Educational Resources

Girl Power - Changing Gender Stereotypes in India's Slums

In northern India, girls are routinely harassed and often attacked. These are unfortunate realities.

“The situation is very bad. Girls are teased and harassed a lot,” explains 16-year-old Kushboo.

12-year-old Chanda shares, “When we walk on the streets minding ourselves and dressing according to what the society calls decent, still, for no reason the boys on the road pass bad and degrading comments. I feel very bad.”

In the same space, another girl shares how she was harassed for months.

“Passing vulgar and cheap comments, he constantly threatened me verbally and said that if I opened my mouth to tell the truth, he would kill my parents and my siblings,” Lali says.

Gender inequality in Northern India

For the girls living in the slums of North West Delhi, the evidence of a male prejudice is visible in the most minuscule of societal norms.

Hailing from a large family, 17-year-old Arti is well acquainted with the pressures associated with wanting a boy child. After having eight girls, her parents still pursued the quest for a male child, accomplishing the goal in the ninth attempt.

“There was this pressure of society over my parents, saying that there should be at least one boy. They used to say, ‘the girls will get married and go off and then who will take care of you? The boy can earn and take care of you’,” Arti says.

“A girl is perceived as an object and a liability. This perception makes her more susceptible to social evils like sexual assault, harassment, domestic violence, rape and other heinous acts,” says Jesleen Kher, gender and development specialist of World Vision India.

Forming bonds in the struggle

For a long time, the girls living in North West Delhi faced similar struggles but there was no sense of unity.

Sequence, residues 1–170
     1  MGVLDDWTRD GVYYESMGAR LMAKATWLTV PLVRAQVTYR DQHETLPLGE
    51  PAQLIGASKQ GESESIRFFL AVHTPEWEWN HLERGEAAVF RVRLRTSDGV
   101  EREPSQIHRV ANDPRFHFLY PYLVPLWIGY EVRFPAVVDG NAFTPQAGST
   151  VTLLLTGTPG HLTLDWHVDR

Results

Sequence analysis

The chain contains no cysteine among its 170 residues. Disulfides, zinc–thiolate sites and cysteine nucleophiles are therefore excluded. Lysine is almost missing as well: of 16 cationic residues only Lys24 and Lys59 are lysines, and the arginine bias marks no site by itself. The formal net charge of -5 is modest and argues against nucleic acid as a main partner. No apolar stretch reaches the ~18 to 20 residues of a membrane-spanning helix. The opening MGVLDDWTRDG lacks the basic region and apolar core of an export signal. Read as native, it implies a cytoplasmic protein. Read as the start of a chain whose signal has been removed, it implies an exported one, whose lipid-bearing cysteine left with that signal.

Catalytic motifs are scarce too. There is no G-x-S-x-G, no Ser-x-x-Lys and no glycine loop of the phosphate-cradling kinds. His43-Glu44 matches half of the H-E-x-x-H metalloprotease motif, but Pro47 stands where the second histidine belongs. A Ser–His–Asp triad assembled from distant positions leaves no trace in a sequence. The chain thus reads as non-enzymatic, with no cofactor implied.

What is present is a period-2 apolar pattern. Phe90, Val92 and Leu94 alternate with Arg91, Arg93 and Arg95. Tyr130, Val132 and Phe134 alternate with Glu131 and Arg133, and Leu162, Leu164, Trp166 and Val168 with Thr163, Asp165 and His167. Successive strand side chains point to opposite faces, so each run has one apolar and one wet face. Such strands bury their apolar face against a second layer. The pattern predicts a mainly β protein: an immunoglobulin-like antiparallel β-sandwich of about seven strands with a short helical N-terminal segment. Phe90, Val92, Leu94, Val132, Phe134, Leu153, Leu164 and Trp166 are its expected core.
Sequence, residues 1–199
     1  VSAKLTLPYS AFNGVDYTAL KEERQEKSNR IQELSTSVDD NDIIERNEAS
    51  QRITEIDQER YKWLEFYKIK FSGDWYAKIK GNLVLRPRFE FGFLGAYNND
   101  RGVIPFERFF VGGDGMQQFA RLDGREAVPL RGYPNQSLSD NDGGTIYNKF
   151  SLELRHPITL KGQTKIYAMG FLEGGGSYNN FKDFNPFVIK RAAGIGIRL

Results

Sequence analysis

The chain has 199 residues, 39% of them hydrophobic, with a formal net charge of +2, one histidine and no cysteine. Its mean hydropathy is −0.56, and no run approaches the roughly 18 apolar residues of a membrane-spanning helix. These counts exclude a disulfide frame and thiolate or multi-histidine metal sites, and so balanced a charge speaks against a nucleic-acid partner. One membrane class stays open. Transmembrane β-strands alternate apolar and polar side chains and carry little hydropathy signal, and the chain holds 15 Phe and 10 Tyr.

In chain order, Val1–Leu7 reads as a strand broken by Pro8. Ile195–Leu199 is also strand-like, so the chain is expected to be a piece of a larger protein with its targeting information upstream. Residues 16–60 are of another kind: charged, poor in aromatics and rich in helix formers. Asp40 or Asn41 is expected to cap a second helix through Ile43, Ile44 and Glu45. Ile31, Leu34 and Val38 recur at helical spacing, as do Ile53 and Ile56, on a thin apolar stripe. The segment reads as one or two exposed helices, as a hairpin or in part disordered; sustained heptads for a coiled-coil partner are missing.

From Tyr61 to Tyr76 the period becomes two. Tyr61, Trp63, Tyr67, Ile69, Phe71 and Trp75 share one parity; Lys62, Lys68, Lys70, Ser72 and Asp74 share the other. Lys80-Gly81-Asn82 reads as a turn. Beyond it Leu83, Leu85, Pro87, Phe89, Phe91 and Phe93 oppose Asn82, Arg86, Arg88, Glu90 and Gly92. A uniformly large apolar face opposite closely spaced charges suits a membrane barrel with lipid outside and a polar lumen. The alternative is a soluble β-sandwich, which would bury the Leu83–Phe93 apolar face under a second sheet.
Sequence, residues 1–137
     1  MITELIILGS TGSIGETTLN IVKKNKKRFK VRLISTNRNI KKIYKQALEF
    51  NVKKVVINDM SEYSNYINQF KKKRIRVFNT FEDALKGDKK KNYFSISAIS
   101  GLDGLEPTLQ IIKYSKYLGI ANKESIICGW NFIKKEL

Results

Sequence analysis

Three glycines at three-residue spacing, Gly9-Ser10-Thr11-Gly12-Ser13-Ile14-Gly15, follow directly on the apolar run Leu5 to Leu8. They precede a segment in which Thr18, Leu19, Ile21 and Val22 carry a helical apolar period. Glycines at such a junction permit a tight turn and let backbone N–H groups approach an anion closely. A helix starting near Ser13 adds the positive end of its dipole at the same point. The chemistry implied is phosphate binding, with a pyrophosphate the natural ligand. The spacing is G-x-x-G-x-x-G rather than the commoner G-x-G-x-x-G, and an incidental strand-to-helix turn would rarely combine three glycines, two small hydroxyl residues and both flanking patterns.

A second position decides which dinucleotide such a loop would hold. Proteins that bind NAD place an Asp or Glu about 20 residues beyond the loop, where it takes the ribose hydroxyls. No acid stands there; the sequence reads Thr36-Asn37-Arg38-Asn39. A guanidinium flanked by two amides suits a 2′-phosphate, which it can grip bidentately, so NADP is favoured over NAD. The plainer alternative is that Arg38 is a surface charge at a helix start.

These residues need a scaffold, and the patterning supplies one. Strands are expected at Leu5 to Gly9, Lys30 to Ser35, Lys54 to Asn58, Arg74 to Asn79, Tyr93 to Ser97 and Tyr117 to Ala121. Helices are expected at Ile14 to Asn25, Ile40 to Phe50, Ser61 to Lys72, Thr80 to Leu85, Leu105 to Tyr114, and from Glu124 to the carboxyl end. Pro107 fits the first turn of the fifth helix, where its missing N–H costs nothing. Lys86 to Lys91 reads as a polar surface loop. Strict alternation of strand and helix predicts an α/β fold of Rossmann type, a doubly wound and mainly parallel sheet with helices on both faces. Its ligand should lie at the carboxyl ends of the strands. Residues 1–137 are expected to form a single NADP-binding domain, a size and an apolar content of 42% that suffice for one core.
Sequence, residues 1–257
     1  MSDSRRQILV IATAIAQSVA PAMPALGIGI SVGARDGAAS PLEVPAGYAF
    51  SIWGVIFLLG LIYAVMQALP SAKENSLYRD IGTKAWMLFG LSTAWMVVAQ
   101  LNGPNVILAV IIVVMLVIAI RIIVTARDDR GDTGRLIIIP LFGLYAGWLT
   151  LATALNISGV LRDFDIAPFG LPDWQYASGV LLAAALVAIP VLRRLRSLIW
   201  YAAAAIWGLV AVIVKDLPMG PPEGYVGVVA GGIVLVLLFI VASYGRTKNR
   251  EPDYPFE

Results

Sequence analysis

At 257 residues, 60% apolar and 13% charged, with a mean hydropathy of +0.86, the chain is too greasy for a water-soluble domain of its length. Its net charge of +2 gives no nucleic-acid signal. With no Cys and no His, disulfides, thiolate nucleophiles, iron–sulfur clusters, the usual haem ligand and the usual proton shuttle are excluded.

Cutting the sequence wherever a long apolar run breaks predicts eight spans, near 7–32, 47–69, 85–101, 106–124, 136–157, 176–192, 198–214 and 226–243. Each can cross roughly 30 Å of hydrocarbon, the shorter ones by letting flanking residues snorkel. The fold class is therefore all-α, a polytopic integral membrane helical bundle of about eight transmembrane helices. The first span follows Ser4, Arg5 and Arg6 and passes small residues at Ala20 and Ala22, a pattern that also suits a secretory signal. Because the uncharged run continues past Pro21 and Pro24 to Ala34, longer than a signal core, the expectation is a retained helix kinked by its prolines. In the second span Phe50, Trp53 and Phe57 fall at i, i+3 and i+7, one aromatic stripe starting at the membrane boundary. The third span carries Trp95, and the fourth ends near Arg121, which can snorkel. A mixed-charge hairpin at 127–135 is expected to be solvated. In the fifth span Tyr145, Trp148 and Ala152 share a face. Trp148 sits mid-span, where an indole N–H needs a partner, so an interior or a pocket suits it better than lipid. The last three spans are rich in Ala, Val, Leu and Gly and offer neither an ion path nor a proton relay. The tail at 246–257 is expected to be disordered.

“They did not have a platform where they could come together and share with each other their experiences,” says Vandhana, a community member and World Vision volunteer.

When news came that World Vision wanted to start a girls group, the community was fascinated. Hungry for knowledge, girls poured into a World Vision centre and diligently attended group meetings.

From awareness of self to lessons on critical and creative thinking, from problem-solving to communication skills, a group rose to clutch the very treasure which had been stolen from them – self-confidence.

“Earlier we lived in fear,” adds 15-year-old Kiran, president of the girls group. “Now, we are not afraid anymore to raise our voices against injustice and share our opinions. After joining with World Vision, we have got the boldness to face the world.”

Ganging up to fight violence

To help overcome the fear of harassment, World Vision facilitated a special training workshop along with the Delhi Police.

“With the help of the Delhi Police, we facilitated a self-defense workshop where 67 girls participated, learning the necessary skills to protect themselves in case of attack,” says Shiny Mathew, a community development coordinator of World Vision.

Equipped with the sword of empowerment, the girls group now sets out to tear down the stringent culture and reform their community. They use skits, street plays and videos as medium to evoke change.

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